Mitering your corners (there are 2 to do on this skirt); this helps to reduce bulk. Fold the corner to the wrong side (WS) at a 90° angle.

Tip: How much should you turn under for your miter? Well, I don’t know of any formula for this (although, now that I think about it, it shouldn’t be too hard to figure one out), but I think you’ll want the folded edge to be about twice as much as you’re going to turn your edges under; in other words, if you’re turning under 1/2″, try folding your corner until the folded edge is about 1″. (Wait, did I just come up with a formula? I guess if it works, I did!)

Note: If you’re doing a regular narrow hem, that is, with edges turned under twice, you’ll need to fold under a bigger triangle, to accommodate the two turn-unders.

Folding the miter under
Finishing the miter: One at a time, fold the edges under (towards the WS) until they meet each other in the corner; pin in place. See how nicely that works?

Tip: Sometimes, no matter how you pin a miter, those pesky parts just won’t stay in place. (Slippery and/or very lightweight fabrics are particularly recalcitrant.) This is an excellent time to use your hand-basting skills! Just a few stitches, and those miters will mind their manners.

Now you’re ready to stitch the entire hem/front drape edge! Be sure to establish a guideline for the folded edge, so your stitching will maintain a consistent width from the edge.

Stitching the hem
After stitching the hem, here’s what it looks like, on both sides. Note the point in the corner where you pivot your stitching; just lower the needle into the fabric, raise the presser foot, turn the fabric to point in the new direction, lower the presser foot, and keep sewing.

There— the main part of your wrap skirt is finished! I say we all deserve a glass of wine!

Coming up next, we’ll work on the waistband/tie ends combo. This may be split into 2 parts; we’ll see how it goes. Homework: Make sure your waistband pieces are appropriately interfaced!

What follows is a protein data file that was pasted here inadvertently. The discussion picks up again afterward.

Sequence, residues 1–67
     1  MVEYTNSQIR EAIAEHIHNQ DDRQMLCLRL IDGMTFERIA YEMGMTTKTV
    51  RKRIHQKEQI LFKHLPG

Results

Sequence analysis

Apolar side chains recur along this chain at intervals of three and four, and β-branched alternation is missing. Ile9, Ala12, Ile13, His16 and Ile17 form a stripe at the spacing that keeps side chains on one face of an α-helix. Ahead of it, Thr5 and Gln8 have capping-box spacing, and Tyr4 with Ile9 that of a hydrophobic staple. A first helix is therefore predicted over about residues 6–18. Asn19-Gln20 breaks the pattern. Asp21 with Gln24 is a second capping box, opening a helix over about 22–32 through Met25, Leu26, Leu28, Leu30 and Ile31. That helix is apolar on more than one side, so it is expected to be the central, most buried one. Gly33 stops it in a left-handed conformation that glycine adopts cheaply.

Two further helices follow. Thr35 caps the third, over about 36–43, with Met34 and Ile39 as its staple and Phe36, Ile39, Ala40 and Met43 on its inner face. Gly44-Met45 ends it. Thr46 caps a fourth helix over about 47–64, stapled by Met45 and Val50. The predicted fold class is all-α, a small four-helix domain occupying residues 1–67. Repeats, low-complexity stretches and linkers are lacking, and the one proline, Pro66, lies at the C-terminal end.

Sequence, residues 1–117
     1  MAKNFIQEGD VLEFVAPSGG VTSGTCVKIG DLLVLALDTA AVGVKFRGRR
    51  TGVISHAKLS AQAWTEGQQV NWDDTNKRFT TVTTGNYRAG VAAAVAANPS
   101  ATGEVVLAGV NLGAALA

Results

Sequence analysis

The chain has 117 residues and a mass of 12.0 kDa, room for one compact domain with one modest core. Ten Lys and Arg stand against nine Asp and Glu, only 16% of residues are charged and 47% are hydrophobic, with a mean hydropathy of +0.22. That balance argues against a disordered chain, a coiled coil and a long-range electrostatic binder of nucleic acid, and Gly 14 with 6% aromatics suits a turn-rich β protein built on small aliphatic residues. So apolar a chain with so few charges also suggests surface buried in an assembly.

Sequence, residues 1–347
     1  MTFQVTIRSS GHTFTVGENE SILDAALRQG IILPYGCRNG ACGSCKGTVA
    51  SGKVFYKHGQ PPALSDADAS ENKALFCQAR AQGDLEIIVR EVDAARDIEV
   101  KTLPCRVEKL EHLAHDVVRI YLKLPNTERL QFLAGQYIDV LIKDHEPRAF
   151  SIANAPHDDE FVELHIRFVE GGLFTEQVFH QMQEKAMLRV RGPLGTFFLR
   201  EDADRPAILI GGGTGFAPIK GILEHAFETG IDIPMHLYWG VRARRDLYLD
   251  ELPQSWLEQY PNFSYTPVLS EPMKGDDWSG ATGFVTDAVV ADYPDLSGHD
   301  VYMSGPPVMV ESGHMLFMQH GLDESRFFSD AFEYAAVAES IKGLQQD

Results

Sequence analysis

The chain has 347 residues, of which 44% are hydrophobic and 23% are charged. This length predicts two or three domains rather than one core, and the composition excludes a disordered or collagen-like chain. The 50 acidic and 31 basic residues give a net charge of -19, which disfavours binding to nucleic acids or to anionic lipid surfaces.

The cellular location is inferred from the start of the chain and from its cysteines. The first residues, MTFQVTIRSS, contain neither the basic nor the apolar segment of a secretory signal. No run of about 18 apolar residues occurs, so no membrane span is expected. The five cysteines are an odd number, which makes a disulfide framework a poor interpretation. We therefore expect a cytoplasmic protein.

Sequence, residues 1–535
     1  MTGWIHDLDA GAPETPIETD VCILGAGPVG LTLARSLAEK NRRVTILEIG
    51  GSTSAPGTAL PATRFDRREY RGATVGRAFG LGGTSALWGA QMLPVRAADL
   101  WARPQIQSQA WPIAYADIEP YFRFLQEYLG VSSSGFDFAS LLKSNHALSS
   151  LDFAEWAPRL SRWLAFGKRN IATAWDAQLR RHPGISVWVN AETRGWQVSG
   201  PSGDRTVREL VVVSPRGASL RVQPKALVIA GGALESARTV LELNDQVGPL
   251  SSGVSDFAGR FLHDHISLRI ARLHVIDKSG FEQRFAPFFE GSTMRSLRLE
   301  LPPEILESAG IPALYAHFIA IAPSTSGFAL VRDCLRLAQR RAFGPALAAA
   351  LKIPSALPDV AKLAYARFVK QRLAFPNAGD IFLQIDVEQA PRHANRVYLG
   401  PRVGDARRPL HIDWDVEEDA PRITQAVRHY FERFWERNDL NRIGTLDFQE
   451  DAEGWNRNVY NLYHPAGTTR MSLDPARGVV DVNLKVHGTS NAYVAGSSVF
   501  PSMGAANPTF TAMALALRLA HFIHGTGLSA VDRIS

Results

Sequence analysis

Want more sewing stuff from Colormusing? Check out myBratelier (lingerie sewing, including bras!), and Changing Your Clothes, which covers everything from repairs & alterations to dyeing and remaking thrift-shop finds.

And don’t miss all my color-palette-related excitement at the  A Musing blog! (Click on the dots above to visit my mother ship,

4 thoughts on “Wrap Skirt Sew-Along 2: Pleats, Seams, & Hem

  1. I didn’t follow the directions for the front panel… I sandwiched the sides either side of the back and sewed the side seam. then I continued round and sewed the hem and front seam (the back was stuffed inside as i sewed) I trimmed and graded the seam, then pull the back out of the top, and at the same time turned the whole to right side out. then i basted pleats in place -the result was no unfined seams on the top flap! no need to miter, and a much more finished edge. … I don’t have a serger, and i don’t really like serged edges– (after pressing the front, i understiched the front edge seam for an even finer finish… I like couture finished—It doesn’t take much more time, and the result is so elegant.


    1. Very interesting construction method! I think I’m picturing what you’re describing— I’d like to try that myself. (For this sew-along, I thought I’d more or less stick with the pattern instructions.) I tend to agree with you about serged edges; I don’t automatically use my serger to finish edges/seams, but in this case, the nature of the fabric made serging one of the better options. If you have photos of the process you’re describing, I’d love to see them! It does sound beautiful!